Family Research – English, Scottish and Irish Genealogy


The Murray Family

Flemish adventurer named Freskin was the founder of the family of Murray. Initially a landholder in West Lothian, Freskin was invited by David Ito settle in Moray after the rebellion of the Celtic province in 1130. As the dominant family in the coastal districts on either side of the Moray Firth, his descendants had taken the name of Moray or Murray by tile outset of the 13th century.
The principal line of Moray secured the honorary office of pantryman in the royal household and served as key administrators for both Alexander II and Alexander Ill. Sir Walter of Moray’s acquisition of the lord— ship of Bothwell by marriage to the heiress
was complemented by other opportune marriages that enabled the family to expand into the Strathearn district of Perthshire as well as into Lanarkshire and the Borders.
The Morays of Bothwell prominently resisted English overlordship during the Wars of Independence. Andrew of Moray instigated the northern rebellion of 1297, before linking up with William Wallace, with whom he shared leadership of the Scottish army at Stirling Bridge on 11 September. Andrew died from wounds received in that victory.
Despite the one notable blemish in the patriotic record of the Murrays —. the betrayal of the Scots forces at Dupplin in 1332, which led to the execution of Andrew Murray of Tullibardine — the Perthshire branch emerged into a position of prominence, plague having terminated the principal line in 1361.
The Murrays’ re—establishment on the national stage can be attributed primarily to Sir William Murray of Tullibardine, a key treasury official and the great survivor in the vicious round of regency politics during the minority of James VI. Sir William’s son John, whose primacy was recognised in bands of association among the Murrays in 1586 and 1598, was created carl of Tullibardine in 1606. James VI went on to reward other Murrays prominent at Court and within his Scottish administration. Sir David Murray of Gospertie was created Viscount Stormont in 1621, three years before John Murray of Reidkirk — the Borderer — became earl of Annandale.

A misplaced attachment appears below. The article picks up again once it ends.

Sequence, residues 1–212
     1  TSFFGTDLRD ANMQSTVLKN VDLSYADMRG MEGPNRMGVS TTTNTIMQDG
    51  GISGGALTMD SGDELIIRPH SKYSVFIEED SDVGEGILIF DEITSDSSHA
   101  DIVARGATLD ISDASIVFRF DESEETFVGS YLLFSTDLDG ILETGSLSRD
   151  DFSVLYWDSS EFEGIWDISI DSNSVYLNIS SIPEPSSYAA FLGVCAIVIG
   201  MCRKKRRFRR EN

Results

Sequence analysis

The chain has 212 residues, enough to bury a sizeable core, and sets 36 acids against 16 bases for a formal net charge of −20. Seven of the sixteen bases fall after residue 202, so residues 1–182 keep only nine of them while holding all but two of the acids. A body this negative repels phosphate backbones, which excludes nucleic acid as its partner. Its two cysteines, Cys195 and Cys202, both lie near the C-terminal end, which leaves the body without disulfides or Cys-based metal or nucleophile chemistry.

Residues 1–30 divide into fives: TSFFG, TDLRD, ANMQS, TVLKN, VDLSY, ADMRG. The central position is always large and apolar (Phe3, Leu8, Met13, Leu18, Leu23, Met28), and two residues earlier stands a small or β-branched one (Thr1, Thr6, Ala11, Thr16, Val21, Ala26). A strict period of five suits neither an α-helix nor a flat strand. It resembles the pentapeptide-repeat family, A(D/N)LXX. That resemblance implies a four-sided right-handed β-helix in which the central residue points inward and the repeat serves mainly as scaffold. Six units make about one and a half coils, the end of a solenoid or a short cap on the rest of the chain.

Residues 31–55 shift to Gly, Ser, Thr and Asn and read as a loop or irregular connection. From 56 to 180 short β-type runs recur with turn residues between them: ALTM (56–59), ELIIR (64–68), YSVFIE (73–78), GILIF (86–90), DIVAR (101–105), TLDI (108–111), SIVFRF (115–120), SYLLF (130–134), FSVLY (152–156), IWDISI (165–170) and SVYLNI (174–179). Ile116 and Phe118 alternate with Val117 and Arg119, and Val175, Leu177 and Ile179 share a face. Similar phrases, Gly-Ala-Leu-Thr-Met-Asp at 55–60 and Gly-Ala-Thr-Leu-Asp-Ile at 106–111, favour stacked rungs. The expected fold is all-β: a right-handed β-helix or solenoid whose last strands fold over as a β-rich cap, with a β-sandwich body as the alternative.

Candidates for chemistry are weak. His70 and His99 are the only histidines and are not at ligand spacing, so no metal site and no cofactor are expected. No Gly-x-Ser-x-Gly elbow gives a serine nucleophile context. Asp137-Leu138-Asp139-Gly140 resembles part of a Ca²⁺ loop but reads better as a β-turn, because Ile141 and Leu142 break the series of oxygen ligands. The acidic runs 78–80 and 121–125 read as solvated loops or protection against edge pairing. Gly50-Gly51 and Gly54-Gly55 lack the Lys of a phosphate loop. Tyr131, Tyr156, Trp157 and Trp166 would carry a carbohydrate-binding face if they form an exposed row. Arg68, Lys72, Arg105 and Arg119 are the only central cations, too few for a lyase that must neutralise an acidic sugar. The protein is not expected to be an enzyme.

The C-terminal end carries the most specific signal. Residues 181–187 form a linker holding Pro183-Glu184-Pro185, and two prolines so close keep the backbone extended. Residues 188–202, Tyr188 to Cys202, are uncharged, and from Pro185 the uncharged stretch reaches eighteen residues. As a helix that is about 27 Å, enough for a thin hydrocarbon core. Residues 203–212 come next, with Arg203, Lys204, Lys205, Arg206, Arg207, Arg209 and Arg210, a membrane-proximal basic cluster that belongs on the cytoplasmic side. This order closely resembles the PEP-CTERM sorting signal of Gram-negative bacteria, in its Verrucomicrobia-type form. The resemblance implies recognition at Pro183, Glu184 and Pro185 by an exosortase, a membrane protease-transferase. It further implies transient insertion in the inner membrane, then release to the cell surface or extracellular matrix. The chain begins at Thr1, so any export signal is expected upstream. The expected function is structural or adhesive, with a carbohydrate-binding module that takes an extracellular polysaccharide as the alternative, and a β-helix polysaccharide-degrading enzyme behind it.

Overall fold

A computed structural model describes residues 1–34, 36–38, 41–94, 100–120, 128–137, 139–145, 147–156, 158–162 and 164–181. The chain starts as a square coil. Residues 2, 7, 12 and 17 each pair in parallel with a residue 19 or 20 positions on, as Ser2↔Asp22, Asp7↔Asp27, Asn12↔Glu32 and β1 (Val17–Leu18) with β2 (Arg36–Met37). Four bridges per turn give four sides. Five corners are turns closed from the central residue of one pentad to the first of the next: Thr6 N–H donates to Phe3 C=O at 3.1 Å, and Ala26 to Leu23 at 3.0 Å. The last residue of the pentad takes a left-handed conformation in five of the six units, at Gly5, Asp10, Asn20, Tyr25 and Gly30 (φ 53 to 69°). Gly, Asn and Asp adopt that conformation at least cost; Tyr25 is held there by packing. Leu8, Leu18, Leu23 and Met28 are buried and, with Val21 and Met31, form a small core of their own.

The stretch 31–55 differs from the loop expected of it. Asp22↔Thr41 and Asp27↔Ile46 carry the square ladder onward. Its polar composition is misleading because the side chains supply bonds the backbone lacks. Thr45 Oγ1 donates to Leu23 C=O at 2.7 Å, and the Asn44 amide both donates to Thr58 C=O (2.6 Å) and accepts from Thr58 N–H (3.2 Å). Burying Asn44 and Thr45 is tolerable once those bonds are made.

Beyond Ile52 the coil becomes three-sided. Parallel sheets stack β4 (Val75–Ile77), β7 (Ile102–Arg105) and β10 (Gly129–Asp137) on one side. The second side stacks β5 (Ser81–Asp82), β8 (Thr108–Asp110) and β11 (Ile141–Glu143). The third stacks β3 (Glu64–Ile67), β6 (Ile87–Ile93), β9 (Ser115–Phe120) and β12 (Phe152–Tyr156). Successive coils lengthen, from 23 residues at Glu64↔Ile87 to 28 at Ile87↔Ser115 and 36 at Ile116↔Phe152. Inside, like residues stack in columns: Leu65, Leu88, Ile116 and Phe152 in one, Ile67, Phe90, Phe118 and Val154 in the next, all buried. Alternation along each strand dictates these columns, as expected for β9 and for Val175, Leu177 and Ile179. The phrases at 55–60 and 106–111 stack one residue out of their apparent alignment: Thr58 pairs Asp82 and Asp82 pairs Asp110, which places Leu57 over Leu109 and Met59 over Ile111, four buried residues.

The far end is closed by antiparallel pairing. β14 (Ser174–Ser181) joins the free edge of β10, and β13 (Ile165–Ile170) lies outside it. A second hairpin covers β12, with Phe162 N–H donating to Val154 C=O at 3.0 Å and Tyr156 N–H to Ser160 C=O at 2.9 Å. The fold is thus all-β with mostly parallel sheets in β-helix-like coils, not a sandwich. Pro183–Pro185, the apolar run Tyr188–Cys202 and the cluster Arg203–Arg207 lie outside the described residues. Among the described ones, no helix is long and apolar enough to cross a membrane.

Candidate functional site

The Tullibardine family’s acquisition of the earldom of Atholl by marriage was confirmed in 1629. Nevertheless. John, the first Murray earl, was a faint—hearted royalist who succumbed to Covenanting pressures in 1640. Charles I was better served by Sir Patrick Murray of Elibank, whom he ennobled as Lord Elibank in 1643. at the same time that another royalist stalwart, David Murray of the Woodend family, was created earl of Dysart. Dysart’s daughter and successor Countess Elizabeth, the reputed mistress of Oliver Cromwell, won deserved notoriety for the political influence she exercised over John Maitland, duke of Lauderdale. first as his mistress and then as his wife. The more acceptable face of Lauderdale’s dominance of Scottish affairs after the Restoration was afforded by his leading judge, Sir Robert Murray of the Abercairny family, a founder of the Royal Society of London in 1660.
John, the second earl, created marquess of Atholl in 1676, mobilised the clans to crush the Argyll rebellion against James VII in 1685. His eldest son John, created duke of Atholl in 1703, led the Jacobite opposition to the Treaty of Union but accepted the Hanoverian succession in 1715.
The duke’s family exemplified the association of Jacobitism with civil war. His eldest son William, marquess of Tullibardine, commanded the Atholl Brigade for the Jacobites. Exiled, attainted and debarred from the succession, he was joint commander of the abortive rebellion of 1719, and was present in the entourage of the Young Pretender in the ‘45. His brother James, who succeeded him as second duke, was among the followers of William, duke of Cumberland, prior to Culloden, where the leading Jacobite general was another brother, Lord George Murray. A brilliant commander, Lord George was directly opposed by his half-brother Lord John Murray, and his own son John. Distinguished imperial service as soldiers and diplomats later served to eradicate the taint of Jacobinism from the Murray nobility.
John, fourth duke of Atholl, who raised the Atholl Brigade in 1777, cleared his lands in Glen Tilt to instigate a shooting estate. In the 1840’s his grandson George, the sixth duke, discouraged unwelcome hill—walkers by charging admission to the area.
© The Story of Scotland

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